EPW tears into TV’s ‘hawks, hotheads, hysteria’

22 January 2013

The Economic & Political Weekly has an editorial in its January 26 issue on the dangerous role played by Indian TV channels when the news of the beheading of an Indian soldier on the border came in two weeks ago.

“Television news,” says EPW, “is fast becoming the most dangerous extremist in India’s civil society.

“It has not just been the reporting of news but rather the sustained and well-planned build-up of a mass hysteria over the issue. It is not just one, or a few, channels which are guilty of this. With a few, and notable exceptions, television news channels and anchors have competed with each other to get people angry and hysterical.

“Stilted news, half-truths, outright falsehoods, a careful selection of “opinion makers” and “experts” who push hawkish positions and a shrill intemperate language have all been deployed each evening in a calculated move to ratchet up anger in the drawing rooms (and by extension, the “street”) and thus enhance viewership.

“In this particular context, the television channels have single-handedly built up a serious, yet minor, issue into a national hysteria. The parties and politicians of the right – from the Shiv Sena who collected a bunch of stragglers to attack Pakistani hockey players to leader of the opposition, Sushma Swaraj who demanded 10 Pakistani heads for the one soldier who was beheaded – merely took up the issue which was built up from scratch by these television channels.

“There are various reasons given for this behaviour of television news channels. These include the overcrowding of the television news space with more channels than are sustainable with the concomitant pressure on finances requiring increased advertisement revenues through higher viewership, which lead to the need to constantly create sensational news to lock in viewers.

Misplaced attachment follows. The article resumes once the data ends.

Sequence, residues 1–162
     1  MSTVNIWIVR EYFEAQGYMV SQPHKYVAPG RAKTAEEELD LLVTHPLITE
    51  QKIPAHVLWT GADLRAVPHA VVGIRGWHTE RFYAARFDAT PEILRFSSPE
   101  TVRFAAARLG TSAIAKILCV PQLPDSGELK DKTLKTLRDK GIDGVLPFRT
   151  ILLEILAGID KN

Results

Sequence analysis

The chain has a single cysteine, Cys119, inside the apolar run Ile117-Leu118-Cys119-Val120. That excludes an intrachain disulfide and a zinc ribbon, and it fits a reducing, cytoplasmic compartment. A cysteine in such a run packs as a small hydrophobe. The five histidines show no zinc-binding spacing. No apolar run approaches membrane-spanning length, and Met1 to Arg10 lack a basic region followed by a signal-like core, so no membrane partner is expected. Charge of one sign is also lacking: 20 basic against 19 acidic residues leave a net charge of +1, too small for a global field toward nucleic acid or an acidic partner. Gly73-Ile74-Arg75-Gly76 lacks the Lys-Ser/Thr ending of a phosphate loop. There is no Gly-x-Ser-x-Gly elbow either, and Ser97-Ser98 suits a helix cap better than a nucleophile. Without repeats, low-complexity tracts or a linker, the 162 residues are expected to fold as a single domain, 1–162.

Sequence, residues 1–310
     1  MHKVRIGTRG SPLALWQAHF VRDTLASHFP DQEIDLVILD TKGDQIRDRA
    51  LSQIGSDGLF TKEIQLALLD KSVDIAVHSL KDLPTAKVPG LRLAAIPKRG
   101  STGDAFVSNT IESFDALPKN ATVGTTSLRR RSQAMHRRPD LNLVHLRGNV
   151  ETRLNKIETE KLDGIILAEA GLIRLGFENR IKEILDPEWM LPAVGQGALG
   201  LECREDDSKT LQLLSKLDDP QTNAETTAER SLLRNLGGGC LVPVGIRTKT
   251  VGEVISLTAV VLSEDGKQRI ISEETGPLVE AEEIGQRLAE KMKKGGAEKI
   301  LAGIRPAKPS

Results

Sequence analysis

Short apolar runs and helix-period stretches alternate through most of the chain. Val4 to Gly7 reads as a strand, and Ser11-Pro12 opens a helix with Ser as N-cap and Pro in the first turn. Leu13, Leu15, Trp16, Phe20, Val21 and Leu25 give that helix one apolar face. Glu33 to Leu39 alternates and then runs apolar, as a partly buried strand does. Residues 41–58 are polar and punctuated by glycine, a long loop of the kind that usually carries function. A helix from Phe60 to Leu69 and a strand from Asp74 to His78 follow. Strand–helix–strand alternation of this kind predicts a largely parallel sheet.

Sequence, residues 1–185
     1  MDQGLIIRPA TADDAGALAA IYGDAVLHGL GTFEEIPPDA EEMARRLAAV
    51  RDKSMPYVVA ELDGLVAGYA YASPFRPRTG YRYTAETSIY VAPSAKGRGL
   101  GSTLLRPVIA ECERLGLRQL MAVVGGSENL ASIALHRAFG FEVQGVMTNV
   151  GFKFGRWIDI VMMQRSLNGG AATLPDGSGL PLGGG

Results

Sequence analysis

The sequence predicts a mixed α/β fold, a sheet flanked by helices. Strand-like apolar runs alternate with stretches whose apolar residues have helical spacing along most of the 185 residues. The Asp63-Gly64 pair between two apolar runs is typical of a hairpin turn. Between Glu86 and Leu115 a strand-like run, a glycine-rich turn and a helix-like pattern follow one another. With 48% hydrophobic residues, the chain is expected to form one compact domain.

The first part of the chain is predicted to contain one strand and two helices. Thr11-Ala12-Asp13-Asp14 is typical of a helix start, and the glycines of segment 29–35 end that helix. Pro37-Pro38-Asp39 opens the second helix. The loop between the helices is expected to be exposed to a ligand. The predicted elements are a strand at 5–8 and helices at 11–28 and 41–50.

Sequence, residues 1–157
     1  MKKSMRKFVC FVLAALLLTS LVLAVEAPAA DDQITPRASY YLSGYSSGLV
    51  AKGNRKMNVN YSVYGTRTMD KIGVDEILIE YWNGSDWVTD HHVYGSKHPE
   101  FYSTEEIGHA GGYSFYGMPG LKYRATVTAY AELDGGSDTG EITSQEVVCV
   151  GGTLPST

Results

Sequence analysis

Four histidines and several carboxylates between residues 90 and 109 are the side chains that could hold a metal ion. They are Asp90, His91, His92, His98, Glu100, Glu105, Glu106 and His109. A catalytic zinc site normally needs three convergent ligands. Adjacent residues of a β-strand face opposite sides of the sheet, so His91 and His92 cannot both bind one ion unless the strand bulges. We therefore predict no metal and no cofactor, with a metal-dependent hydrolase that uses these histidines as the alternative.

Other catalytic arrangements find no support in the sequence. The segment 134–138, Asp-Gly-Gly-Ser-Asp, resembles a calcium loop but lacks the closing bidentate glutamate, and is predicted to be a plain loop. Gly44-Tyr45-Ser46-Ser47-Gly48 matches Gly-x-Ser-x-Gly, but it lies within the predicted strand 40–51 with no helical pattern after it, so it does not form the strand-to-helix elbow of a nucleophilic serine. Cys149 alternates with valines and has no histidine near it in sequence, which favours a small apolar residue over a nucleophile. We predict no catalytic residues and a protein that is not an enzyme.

“Television news channels are not only competing with each other for viewers but with general entertainment channels, sports channels and even non-television events as they try to get more eyeballs. Many of these pressures on television news are not unique to India and different media cultures have found solutions to this in ways that address their specific contexts. However, the Indian television media seems to have decided to use shrill chauvinism as a way out of this.

“The Kargil war of 1999 first illustrated the potential for such a business strategy but it was the terrorist attack on Mumbai in 2008 that finally seems to have convinced India’s television journalists of the profitability of rabid demagoguery. There is nothing inevitable about this business strategy and those who have initiated it and been its willing purveyors have to assume responsibility.

“As various people have already noted, by getting coerced by television news’ manufactured hysteria and sending back the Pakistani hockey players and postponing the agreement on visa-on-arrival for the elderly, the Government of India has allowed its foreign policy to be held hostage by Indian television media’s dangerous chauvinism.

“There is no easy way out of this dead end that we appear to have reached. Government regulation of media is dangerous and unacceptable, but equally so is a media that often outdoes India’s virulent right-wing in stoking xenophobia.

“Can we think of creative methods of oversight on the media which do not involve government or corporate influence? Or perhaps, should we reclassify television news channels as general entertainment (of the “Big Boss” reality television variety) and deal with it accordingly?”

Read the full editorial: Frothing at the mouth

Also read: Is news TV becoming a national security hazard?

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